Tue 4 Nov, 2008
Tags: Barack Obama, John McCain, Presidential election
This is my final analysis of the state of the presidential election before we begin seeing returns this evening.
As virtually everyone in the nation is now aware, Barack Obama has a significant lead in the national polls, and corresponding leads in enough states to give him a decisive edge going into this election. At the national level, he leads by roughly 7 percentage points in the polls; four years ago, George W. Bush lead by about 1.5 percentage points. In the electoral college, Obama currently leads among states with 291 votes to McCain’s 160, with 87 votes in toss-up states.
Why is Obama’s lead so strong? On one level, political scientists have been predicting a Democratic victory all along, based on a handful of factors—the state of the economy, which is the incumbent party, the incumbent’s popularity (or lack thereof)—which have nothing to do with either candidate or how the campaign season unfolds.
On another level, perhaps merely because of the factors I’ve just mentioned, polling indicates that Obama has take a strong lead because voters have come to form positive opinions about him. For instance, the Wall Street Journal points out that voters are now just as likely to identify with Obama’s background and values as they are with McCain’s. This is a significant accomplishment for a candidate like Barack Obama, and illustrates just how much his perceived weaknesses with the voters have evaporated. USA Today, meanwhile, has poll results which suggest that McCain no longer has a lead with voters even on national security issues, and despite his relentless focus on taxes, voters are evenly split on the question of whether their taxes would be higher under Obama or McCain.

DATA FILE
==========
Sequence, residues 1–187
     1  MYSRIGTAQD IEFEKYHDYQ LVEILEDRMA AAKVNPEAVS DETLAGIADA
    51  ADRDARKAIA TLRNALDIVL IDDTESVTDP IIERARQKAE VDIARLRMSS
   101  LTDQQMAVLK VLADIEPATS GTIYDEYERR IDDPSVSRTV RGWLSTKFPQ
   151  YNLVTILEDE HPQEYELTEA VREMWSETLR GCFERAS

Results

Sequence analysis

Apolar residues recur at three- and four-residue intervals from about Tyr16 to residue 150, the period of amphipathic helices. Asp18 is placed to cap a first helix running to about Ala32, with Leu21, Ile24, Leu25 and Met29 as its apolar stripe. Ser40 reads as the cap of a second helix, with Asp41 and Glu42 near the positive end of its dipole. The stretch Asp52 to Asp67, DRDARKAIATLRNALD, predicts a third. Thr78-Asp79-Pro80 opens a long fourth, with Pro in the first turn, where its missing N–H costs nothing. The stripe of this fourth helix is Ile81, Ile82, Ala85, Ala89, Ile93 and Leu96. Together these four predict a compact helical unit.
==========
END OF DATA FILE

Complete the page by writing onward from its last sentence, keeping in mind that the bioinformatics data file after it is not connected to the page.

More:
The electoral college battle
This election night will be about more than merely learning the margin of victory, however. John McCain certainly has a chance, albeit a slim one, to pull off an upset win.
Because of the magnitude of the challenge facing McCain, only a handful of states truly matter in determining the outcome of this election. These states are Virginia, Pennsylvania, Colorado, Ohio, and Nevada.
Note that these critical states are not the same as the battleground states, that is, the states which are, or have recently been, toss-ups. States such as Florida, Indiana, Missouri, North Carolina, and even North Dakota are too close to call, but are unlikely to be the deciding states in this election. To win, McCain will have to “run the table” by winning most or all of the toss-up states, but because he must also take states in which Obama has a sizable lead, if he can win those critical states, the remaining toss-up states should fall into place.
As the map above indicates, Obama currently leads in states with 291 electoral votes, 21 more than are needed to win, before even considering those toss-up states in which he has a slim lead. As a result, McCain must win all of the toss-up states, or their equivalent, and still find 22 electoral votes among states with clear Obama leads.